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Pneumococcal Conjugate Vaccine (PCV) in HIV- Infected Children

This study has been completed.
Sponsor:
Collaborator:
Pediatric infectious diseases section, King Chulalongkorn Memorial hospital, Chulalongkorn University
Information provided by (Responsible Party):
The HIV Netherlands Australia Thailand Research Collaboration
ClinicalTrials.gov Identifier:
NCT01135082
First received: June 1, 2010
Last updated: September 3, 2014
Last verified: September 2014

June 1, 2010
September 3, 2014
April 2010
December 2010   (final data collection date for primary outcome measure)
immunogenicity [ Time Frame: 28 days ] [ Designated as safety issue: No ]
Proportion of children with PCV serotype - specific IgG antibody at 28 days after completion of primary series of vaccination.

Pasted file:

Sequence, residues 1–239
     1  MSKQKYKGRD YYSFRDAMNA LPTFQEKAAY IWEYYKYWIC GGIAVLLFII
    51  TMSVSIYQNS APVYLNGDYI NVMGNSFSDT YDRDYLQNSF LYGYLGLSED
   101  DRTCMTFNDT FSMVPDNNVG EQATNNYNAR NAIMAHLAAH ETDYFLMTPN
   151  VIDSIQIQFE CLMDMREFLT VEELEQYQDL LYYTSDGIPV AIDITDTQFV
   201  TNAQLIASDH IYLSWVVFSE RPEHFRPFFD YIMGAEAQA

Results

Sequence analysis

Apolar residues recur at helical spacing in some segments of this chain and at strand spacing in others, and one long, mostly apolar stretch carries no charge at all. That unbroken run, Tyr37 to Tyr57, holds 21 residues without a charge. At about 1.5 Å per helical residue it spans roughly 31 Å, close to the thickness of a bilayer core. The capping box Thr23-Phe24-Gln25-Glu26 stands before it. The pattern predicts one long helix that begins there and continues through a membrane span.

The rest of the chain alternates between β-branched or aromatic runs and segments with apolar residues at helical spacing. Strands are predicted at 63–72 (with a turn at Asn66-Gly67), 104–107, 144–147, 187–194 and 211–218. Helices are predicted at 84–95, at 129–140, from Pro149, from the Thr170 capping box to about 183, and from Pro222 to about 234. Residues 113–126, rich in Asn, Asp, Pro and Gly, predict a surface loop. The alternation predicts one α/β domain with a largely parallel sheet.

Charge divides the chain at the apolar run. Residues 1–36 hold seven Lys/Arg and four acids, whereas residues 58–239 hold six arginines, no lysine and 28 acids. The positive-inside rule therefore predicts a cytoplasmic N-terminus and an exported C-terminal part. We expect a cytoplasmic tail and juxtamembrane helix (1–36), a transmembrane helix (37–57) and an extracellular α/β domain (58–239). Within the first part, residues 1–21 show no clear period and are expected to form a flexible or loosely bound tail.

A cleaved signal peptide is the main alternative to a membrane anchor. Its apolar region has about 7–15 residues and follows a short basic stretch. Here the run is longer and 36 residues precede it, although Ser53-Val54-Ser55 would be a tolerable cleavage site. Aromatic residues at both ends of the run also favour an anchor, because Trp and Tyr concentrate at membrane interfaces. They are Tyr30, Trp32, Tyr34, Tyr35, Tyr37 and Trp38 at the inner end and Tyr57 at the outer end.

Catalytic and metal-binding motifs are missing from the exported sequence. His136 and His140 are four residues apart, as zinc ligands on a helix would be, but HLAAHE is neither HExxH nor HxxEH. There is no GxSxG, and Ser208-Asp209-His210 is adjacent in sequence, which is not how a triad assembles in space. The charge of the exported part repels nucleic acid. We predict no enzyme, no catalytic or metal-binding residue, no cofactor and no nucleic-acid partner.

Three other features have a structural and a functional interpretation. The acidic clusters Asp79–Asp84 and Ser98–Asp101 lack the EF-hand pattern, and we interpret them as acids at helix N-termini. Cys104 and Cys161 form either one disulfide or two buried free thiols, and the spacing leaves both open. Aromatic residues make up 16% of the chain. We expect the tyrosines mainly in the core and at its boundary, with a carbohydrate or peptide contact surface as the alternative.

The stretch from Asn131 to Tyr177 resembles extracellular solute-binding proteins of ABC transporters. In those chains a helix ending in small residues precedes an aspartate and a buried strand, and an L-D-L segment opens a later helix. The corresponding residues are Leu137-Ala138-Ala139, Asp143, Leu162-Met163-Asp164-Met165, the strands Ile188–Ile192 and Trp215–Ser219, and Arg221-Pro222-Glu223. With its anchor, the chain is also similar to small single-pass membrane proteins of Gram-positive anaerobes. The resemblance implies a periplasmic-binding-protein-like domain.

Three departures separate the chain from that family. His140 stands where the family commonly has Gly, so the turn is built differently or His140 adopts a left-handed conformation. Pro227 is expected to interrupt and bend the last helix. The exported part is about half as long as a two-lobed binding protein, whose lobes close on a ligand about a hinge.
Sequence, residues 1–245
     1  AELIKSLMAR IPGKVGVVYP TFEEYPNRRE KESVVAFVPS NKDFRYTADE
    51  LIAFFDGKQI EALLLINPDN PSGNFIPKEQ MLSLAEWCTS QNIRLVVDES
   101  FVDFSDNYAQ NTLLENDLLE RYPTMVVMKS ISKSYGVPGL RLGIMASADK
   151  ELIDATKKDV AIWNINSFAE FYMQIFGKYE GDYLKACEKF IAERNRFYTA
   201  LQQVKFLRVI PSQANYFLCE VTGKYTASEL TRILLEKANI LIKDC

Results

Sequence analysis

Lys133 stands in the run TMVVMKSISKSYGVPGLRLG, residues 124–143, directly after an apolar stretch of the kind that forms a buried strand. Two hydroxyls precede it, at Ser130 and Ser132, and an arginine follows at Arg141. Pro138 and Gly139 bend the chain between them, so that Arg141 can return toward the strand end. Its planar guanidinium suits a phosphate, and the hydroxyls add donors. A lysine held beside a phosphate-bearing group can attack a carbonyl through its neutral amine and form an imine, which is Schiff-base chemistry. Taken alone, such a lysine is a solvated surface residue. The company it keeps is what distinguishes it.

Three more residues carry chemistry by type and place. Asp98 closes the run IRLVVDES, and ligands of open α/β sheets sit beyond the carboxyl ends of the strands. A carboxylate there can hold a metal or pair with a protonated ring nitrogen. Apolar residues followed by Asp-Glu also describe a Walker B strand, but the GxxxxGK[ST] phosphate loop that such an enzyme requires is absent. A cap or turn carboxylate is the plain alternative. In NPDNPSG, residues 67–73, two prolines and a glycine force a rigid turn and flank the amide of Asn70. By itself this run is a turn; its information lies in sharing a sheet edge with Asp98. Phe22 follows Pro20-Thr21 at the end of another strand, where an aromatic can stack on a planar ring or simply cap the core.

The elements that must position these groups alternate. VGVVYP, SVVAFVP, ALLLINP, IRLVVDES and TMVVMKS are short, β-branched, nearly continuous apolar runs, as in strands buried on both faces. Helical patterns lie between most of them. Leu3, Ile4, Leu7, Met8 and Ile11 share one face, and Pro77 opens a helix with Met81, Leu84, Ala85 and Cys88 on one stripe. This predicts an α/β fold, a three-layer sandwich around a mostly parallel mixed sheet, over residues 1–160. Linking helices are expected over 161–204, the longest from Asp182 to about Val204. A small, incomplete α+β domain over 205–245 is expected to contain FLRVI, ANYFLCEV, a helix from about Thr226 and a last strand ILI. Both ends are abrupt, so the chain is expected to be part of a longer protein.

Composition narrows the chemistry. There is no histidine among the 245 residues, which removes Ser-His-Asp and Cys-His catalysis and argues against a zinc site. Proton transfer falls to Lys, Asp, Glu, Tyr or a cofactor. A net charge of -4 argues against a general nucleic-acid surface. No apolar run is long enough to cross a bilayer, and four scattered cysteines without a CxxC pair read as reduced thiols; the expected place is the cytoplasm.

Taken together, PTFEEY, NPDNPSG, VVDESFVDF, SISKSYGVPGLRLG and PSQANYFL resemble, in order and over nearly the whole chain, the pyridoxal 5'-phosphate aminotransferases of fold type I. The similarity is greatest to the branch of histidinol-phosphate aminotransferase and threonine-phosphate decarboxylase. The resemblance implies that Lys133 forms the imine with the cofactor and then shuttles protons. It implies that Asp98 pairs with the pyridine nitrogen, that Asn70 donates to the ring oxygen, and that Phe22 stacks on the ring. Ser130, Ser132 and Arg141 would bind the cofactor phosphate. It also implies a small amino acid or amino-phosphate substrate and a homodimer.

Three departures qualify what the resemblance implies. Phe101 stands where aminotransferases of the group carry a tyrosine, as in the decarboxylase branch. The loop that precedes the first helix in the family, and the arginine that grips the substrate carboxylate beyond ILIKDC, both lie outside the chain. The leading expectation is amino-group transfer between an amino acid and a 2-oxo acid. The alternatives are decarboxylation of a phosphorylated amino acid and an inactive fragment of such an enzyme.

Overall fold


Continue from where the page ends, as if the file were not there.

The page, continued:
Same as current
Complete list of historical versions of study NCT01135082 on ClinicalTrials.gov Archive Site
  • Safety [ Time Frame: 28 days ] [ Designated as safety issue: Yes ]
    Number of adverse events after PCV administration
  • compare serotype [ Time Frame: 28 days ] [ Designated as safety issue: No ]
    Compare proportion of PCV serotype - specific IgG antibody in HIV - infected children by baseline clinical staging, CD4 and viral load.
Same as current
Not Provided
Not Provided
 
Pneumococcal Conjugate Vaccine (PCV) in HIV- Infected Children
The Immunogenicity and Safety of Pneumococcal Conjugate Vaccine in Human Immunodeficiency Virus - Infected Children

The purpose of this study is to evaluate the immunogenicity and safety of 7 - valent pneumococcal conjugated vaccine in HIV - infected children, and assess the predictive factors for protective antibody responses after receiving the vaccine.

S. pneumoniae is an important cause of severe invasive bacterial disease in human immunodeficiency disease (HIV) infected children. The incidence of pneumococcal bacteremia cases requiring hospitalization among Thai children aged < 5 years had a range of 10.6-28.9 cases per 100,000 persons.[1]